Looking at a map of the U.S. showing land ownership, it is easy to understand why wildland fire management must be an interagency effort. There are very few places where large blocks of land are under the jurisdiction of just one agency. Instead, federal, tribal, state, local, and private lands are intermixed. Wildfires don’t’ stop at property boundaries. In fact, wildfires that start on land under the jurisdiction of one agency often burn onto land under the jurisdiction of another agency or multiple agencies. In addition, no one agency has enough firefighters, engines, aircraft, or equipment to manage on their own all wildland fires that occur on land under their jurisdiction.

The strength of the wildland fire management system in the U.S. is that federal, tribal, state, and local government agencies all work together. Through mutual aid agreements, agencies send their firefighters, engines, aircraft, and equipment to wildfires on land under the jurisdiction of other agencies to help out. Through the National Wildfire Coordinating Group (NWCG) agencies develop interagency standards, guidelines, qualifications, training, and other capabilities that enable interoperable operations.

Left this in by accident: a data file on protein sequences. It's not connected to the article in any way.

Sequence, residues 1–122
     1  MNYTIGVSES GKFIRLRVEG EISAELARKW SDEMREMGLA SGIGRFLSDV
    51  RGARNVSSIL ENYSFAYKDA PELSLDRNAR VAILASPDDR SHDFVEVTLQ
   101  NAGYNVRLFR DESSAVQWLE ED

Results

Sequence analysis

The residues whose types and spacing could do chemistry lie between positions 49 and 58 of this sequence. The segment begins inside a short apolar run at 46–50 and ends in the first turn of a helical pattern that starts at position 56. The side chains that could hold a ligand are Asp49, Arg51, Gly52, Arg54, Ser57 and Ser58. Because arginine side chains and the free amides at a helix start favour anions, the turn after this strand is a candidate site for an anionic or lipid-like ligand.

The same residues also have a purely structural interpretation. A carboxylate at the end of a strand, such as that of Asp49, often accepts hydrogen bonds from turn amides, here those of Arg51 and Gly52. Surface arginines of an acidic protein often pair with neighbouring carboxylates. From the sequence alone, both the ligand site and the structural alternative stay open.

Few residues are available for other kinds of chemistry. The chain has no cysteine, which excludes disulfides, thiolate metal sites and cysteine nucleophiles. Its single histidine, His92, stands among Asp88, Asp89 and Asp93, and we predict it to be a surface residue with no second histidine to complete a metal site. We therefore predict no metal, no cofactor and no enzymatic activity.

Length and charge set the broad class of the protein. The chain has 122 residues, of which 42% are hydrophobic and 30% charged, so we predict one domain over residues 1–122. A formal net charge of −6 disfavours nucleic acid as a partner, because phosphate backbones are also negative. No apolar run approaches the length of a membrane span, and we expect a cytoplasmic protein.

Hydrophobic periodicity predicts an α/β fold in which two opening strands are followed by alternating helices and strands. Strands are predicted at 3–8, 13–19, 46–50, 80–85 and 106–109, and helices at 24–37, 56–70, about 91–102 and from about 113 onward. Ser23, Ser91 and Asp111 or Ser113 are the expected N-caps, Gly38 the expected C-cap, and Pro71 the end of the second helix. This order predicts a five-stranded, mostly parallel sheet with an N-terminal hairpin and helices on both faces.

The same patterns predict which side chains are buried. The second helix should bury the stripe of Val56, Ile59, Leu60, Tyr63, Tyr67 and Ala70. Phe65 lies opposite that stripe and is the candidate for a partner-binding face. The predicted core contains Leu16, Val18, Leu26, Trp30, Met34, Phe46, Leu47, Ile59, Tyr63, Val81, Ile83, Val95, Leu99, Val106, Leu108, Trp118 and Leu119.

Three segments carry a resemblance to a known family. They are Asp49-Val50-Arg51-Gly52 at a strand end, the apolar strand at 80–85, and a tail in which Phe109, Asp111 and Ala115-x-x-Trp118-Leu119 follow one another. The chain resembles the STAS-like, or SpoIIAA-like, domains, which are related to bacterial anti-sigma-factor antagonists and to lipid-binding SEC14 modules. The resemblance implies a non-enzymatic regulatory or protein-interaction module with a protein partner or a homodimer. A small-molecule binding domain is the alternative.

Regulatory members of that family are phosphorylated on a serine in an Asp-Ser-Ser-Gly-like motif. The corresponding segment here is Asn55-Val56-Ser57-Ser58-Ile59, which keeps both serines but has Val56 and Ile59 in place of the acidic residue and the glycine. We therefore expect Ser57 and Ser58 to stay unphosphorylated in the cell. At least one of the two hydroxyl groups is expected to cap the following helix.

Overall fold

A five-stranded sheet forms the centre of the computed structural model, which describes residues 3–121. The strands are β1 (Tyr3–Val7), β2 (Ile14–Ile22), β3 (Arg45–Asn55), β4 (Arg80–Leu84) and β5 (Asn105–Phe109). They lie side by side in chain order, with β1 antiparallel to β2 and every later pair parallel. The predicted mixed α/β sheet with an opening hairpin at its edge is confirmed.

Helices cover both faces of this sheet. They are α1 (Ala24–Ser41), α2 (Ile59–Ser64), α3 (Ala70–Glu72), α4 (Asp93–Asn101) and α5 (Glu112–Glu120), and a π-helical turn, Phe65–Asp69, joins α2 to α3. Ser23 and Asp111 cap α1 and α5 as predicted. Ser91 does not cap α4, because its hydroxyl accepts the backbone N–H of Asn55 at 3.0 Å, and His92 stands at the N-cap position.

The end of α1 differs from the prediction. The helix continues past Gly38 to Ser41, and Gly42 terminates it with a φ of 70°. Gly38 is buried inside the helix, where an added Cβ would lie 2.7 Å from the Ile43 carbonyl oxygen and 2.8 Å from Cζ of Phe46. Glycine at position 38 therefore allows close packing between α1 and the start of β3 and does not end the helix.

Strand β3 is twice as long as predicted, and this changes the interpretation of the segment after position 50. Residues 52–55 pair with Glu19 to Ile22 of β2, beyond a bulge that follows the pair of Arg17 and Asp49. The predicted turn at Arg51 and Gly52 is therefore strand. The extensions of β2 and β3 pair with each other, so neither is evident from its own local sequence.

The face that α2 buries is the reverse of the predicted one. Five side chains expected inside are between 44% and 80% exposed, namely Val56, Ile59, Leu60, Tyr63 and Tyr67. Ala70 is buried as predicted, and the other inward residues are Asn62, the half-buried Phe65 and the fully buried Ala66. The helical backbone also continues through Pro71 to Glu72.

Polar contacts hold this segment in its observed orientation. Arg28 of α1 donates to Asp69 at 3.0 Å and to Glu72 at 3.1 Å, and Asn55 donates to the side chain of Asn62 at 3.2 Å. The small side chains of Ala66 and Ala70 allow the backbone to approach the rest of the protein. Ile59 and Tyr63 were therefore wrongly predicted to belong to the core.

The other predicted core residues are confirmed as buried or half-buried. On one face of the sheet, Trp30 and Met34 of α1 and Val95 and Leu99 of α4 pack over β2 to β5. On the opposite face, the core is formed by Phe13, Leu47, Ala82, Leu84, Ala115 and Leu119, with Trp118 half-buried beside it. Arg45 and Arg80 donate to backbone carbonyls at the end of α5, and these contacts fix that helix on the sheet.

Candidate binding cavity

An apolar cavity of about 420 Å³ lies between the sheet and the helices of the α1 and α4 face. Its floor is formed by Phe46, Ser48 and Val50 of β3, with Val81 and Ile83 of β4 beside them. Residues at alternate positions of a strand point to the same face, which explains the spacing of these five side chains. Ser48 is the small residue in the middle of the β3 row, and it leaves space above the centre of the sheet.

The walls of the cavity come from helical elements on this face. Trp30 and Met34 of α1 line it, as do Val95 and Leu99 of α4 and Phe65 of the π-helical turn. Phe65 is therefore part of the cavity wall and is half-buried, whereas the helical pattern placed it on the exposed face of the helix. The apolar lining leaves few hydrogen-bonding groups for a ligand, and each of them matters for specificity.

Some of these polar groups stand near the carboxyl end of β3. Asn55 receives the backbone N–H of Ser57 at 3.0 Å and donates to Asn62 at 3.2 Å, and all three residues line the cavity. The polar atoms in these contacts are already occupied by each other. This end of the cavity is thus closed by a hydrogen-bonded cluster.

While the U.S. has more firefighters, engines, aircraft, and equipment than any other country in the world, during periods of high wildfire activity, they can become fully committed. At those times, the U.S. military and international partners can be called to help.